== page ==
Friday, November 30, 2018

Kalir on Artis v. District of Columbia

Doron Kalir has published Artis v. District of Columbia—What Did the Court Actually Say?, 94 Notre Dame L. Rev. Online 81 (2018). It begins:

On January 22, 2018, the Supreme Court issued Artis v. District of Columbia. A true “clash of the titans,” this 5–4 decision featured colorful comments on both sides, claims of “absurdities,” uncited use of Alice in Wonderland vocabulary (“curiouser,” anyone?), and an especially harsh accusation by the dissent that “we’ve wandered so far from the idea of a federal government of limited and enumerated powers that we’ve begun to lose sight of what it looked like in the first place.”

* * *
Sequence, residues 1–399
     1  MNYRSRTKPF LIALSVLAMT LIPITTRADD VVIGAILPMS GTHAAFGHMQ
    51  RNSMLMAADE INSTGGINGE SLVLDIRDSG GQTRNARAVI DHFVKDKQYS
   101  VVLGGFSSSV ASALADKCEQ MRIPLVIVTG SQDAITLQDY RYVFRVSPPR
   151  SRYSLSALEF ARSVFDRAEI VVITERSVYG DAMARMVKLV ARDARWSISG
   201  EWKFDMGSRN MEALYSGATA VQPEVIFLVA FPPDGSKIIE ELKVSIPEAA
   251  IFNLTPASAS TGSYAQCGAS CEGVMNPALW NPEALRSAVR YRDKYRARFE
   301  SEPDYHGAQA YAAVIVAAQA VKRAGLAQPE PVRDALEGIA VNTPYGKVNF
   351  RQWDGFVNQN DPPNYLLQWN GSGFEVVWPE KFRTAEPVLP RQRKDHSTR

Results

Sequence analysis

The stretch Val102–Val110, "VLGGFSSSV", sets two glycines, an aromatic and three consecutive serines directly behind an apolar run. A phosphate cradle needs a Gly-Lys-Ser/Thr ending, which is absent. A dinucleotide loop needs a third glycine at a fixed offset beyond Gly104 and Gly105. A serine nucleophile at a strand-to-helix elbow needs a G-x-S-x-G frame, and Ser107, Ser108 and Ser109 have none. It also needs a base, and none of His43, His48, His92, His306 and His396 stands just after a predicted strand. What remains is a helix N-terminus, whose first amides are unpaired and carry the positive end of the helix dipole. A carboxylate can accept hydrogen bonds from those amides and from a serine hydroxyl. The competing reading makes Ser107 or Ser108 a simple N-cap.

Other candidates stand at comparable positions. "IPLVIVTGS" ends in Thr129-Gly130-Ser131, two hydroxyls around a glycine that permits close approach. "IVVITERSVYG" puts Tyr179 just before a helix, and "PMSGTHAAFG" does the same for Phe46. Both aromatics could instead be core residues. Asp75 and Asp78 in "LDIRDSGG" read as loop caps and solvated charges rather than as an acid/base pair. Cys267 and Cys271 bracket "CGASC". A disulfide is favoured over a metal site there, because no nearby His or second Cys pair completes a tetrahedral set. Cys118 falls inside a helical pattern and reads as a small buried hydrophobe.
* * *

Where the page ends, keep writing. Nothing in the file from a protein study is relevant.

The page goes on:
One might assume that the issue in question was a complex constitutional provision, or a dense, technical federal code section. Far from it. The sole issue in Artis was the interpretation of 28 U.S.C. § 1367(d), an obscure tolling provision dealing with the time period allowed for plaintiffs who filed their claims in federal court and were dismissed to refile their claims in state court.

Federal Courts, Recent Scholarship, Supreme Court Cases | Permalink


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